State tax collections up
Mississippi Republicans who are running for office got the best possible news recently in a report from the Legislative Budget Office.
The state’s tax revenues for the current fiscal year are 4.5 percent higher than they were during the prior year. That number may not sound like much, but in dollars it translates to an extra $224 million for Mississippi over the past 11 months (the fiscal year ends June 30).
The figures are impressive across the board. Income taxes paid by corporations are up $65 million, and “use taxes,” also paid by companies, are up $46 million.
Sales tax collections, the category that brings in the most money for the state, is nearly $54 million higher than a year ago. Individual taxpayers have sent the state an extra $53 million this year, too.
Legislative budget writers had anticipated higher tax collections over the past year, and they raised general fund spending for 2020 by $193 million. If tax revenues for this month also show a gain, the budget will have underestimated the state’s available money by $35 million or more.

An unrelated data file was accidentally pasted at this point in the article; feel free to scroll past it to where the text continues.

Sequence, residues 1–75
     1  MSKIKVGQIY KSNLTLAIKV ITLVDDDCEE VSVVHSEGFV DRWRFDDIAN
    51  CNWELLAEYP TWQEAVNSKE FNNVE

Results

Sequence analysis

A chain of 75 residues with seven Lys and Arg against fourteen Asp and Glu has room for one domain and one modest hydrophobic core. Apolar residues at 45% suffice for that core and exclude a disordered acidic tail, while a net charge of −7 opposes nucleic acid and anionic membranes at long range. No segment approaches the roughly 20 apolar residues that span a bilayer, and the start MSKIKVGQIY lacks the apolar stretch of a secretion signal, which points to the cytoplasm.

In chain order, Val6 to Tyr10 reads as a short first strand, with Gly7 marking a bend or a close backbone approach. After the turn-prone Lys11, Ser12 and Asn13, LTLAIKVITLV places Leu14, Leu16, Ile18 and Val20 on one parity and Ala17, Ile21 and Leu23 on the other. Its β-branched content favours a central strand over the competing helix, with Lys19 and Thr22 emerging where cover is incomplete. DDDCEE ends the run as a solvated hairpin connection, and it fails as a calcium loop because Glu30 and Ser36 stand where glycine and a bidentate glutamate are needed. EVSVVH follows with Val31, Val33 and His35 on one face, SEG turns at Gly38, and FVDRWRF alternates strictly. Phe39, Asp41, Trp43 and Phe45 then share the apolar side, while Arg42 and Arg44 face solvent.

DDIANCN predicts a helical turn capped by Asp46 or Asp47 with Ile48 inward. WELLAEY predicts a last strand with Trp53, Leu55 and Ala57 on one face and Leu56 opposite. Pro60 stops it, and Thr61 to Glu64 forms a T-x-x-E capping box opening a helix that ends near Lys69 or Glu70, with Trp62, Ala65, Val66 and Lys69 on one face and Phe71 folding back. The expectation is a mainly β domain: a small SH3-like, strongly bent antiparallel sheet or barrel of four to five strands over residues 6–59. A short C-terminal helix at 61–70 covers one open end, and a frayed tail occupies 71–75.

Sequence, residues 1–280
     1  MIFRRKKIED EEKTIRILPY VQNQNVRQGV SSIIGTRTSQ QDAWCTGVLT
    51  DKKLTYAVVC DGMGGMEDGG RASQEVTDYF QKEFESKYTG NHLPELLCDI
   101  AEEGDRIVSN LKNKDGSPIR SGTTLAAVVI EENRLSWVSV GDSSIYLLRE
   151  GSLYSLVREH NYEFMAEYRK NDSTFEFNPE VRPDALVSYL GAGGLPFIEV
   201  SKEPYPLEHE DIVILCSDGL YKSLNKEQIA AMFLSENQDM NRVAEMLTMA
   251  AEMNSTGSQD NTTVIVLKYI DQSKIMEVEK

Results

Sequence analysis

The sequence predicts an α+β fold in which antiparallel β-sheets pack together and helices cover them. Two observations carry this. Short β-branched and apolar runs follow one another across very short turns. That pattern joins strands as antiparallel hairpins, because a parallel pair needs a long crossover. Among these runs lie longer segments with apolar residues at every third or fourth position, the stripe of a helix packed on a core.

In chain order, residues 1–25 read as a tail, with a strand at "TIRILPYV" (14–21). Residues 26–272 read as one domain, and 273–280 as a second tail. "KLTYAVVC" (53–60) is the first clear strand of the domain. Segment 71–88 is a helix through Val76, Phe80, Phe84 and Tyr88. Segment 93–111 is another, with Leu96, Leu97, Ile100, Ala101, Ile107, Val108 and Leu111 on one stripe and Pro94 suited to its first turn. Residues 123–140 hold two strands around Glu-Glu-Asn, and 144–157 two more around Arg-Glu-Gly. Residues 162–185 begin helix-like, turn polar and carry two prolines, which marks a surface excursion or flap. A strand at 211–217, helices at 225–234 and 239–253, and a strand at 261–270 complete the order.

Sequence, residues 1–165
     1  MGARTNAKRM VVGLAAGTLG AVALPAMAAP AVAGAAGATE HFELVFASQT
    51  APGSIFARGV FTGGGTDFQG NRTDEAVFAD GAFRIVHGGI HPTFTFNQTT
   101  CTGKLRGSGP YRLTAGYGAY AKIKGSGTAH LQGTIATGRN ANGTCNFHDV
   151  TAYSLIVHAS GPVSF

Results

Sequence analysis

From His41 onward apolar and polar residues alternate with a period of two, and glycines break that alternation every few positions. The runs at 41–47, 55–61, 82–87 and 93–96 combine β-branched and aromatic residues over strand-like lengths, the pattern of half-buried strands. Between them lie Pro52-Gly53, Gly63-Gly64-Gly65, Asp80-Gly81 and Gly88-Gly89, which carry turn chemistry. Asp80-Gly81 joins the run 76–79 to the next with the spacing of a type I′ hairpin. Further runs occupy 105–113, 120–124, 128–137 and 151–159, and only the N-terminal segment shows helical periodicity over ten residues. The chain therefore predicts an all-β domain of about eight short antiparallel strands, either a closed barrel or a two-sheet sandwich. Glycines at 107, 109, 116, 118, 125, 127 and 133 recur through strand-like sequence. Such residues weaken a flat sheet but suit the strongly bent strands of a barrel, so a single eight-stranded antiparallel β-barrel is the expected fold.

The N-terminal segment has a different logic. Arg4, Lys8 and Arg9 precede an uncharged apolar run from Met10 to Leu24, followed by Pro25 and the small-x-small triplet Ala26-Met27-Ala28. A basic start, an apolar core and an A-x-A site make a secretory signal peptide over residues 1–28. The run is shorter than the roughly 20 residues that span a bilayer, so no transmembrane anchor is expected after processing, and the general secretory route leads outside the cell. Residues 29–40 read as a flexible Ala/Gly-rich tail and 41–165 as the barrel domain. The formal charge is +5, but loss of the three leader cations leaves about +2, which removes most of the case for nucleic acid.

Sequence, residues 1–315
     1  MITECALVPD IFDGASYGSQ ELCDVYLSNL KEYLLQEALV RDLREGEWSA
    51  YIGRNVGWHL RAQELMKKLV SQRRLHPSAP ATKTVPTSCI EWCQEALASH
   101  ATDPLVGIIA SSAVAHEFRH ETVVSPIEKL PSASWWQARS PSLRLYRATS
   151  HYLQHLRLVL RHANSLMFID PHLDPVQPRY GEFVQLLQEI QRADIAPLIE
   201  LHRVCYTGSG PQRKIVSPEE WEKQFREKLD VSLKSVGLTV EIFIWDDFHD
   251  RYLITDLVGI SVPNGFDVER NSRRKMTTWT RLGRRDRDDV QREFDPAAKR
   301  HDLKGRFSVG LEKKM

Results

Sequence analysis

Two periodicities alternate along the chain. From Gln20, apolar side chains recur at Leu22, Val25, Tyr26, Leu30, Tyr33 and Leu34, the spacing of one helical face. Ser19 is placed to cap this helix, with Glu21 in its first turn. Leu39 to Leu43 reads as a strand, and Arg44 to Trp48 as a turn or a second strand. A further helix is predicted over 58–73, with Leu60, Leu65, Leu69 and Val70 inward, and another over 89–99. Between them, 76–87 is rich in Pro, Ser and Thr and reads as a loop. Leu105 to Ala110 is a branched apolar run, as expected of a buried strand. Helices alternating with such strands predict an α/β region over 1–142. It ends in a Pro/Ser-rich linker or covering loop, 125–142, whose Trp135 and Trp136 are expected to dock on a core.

This is music to the ears of Republican lawmakers and statewide candidates. The legislature and Gov. Phil Bryant deservedly took a lot of heat a couple of years ago when they reduced a variety of taxes and the state’s collections continually failed to meet revenue projections. The governor had to make mid-year budget cuts several times over two years.
The increased tax revenue can only be coming from an improved state economy. It’s hard to tell whether this is due to the state’s conservative taxing and budgeting policies, or to the impressive results being generated by the national economy. Perhaps its a combination of the two.
But one thing’s for sure: Reports like this allow Republicans to say they’ve got Mississippi heading in the right direction, and that’s going to make it more difficult for Democrats to reclaim a share of power in Jackson.